Working with her fellow senator from North Carolina, Richard Burr, she advocated for service members and their families affected by water contamination at the Marine base at Camp Lejeune, where 12 infants had died from unexplained causes. She also championed legislation to protect members of the military from predatory lenders.
Closer to home, she was a mother, wife and community volunteer who you might see dropping off donations at the Bargain Box consignment store in Greensboro or supporting the annual NCCJ dinner.
“I put North Carolina first in everything I did — in every vote I took and in every bill I introduced,” Hagan wrote in a 2014 News & Record op-ed after losing her bid for reelection to Republican challenger Thom Tillis by 1.5% of the vote.
Not that the end of her Senate tenure slowed her down.
After the Senate, she was a resident fellow at the Harvard Institute of Politics and then a consultant for a lobbying and law firm on Capitol Hill.
In December 2016, she fell ill with the Powassan virus, which causes inflammation in the brain, while in Washington. And suddenly, someone who had always worked so hard and moved so fast had lost command of her body. But her accomplishments stand for her.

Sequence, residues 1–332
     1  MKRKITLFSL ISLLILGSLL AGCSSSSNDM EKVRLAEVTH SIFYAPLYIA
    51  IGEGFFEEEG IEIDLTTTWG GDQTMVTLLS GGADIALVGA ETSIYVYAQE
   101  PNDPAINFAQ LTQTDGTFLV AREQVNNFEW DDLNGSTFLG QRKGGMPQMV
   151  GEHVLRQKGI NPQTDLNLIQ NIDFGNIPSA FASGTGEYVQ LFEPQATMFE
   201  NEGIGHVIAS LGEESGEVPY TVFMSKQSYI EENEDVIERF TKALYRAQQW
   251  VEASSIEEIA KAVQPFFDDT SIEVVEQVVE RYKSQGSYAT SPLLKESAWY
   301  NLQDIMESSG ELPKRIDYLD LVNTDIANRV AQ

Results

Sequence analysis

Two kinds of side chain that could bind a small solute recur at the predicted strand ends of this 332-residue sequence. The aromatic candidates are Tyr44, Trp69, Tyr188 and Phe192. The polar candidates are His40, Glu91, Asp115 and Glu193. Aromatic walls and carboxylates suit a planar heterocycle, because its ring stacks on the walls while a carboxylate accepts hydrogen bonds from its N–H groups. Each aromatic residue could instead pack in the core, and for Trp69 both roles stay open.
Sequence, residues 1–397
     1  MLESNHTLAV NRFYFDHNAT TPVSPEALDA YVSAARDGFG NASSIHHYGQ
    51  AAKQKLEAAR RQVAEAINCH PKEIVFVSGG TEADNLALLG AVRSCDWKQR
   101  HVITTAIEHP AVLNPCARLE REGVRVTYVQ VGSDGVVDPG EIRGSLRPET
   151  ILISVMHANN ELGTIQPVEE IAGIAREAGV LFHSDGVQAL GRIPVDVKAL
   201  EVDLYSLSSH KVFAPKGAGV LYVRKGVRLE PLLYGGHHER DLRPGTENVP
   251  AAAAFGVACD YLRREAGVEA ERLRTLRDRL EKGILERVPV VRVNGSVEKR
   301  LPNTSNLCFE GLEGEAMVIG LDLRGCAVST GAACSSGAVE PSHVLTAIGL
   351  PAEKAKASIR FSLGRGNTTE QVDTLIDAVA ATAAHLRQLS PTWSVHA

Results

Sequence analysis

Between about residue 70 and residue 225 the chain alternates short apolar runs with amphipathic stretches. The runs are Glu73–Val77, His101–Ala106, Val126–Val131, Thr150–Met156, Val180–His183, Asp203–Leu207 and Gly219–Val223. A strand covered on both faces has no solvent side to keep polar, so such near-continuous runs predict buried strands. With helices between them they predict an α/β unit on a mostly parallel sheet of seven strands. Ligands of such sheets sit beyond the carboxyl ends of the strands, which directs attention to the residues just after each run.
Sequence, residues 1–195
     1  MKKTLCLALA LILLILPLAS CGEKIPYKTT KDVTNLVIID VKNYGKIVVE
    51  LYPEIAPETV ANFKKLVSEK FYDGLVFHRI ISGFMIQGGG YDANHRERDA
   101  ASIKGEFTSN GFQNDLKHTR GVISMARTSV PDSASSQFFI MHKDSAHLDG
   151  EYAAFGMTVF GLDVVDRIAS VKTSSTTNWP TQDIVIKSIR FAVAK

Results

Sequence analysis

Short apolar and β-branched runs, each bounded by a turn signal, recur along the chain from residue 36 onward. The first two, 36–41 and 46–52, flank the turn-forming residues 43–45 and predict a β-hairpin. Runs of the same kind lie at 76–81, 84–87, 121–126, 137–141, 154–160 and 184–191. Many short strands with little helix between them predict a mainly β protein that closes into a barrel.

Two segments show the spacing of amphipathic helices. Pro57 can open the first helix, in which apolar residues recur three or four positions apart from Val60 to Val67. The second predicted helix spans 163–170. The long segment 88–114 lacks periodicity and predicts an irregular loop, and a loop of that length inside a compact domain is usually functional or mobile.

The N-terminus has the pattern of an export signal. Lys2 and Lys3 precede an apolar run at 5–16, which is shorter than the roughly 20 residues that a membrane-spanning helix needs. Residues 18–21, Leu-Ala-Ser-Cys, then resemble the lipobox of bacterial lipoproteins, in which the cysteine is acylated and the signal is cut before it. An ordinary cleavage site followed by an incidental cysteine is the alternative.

Sometimes we don’t let people know what they’ve meant to us. Thank God for that day in June when the air was warm and the crowd was warmer and Kay Hagan could see for herself how we felt.
The Charlotte Observer and The News & Observer (of Raleigh) on the condition of the North Carolina corrections system:
The condition of the North Carolina corrections system is a blight on the state’s reputation and a threat to the safety of prison employees and inmates. And it ultimately threatens the public as men and women come out of a period of incarceration marked by violence, poor housing conditions and a lack of preparation for re-entry to society.
The system’s ills were highlighted last week in a report presented to state lawmakers by Todd Ishee, who became North Carolina’s first Commissioner of Prisons in July after serving as deputy director of Ohio’s prison system. Ishee ran through a list of problems and said, “The trends are getting worse by the year and we’re at the point where we need to take drastic measures.”
The first drastic measure has already been taken. A shortage of corrections officers and other staff has forced the temporary closing of three minimum security prisons and has required officers to work 12-hour days on mandatory overtime. The official vacancy rate among prison staff is 20 percent, Ishee said, but the effective rate is closer to 30 percent because of employees in training or on leave. The lack of staff has raised the risk of violence among inmates and against prison workers — five were killed in 2017. It has also reduced opportunities for the training and education of staff and inmates.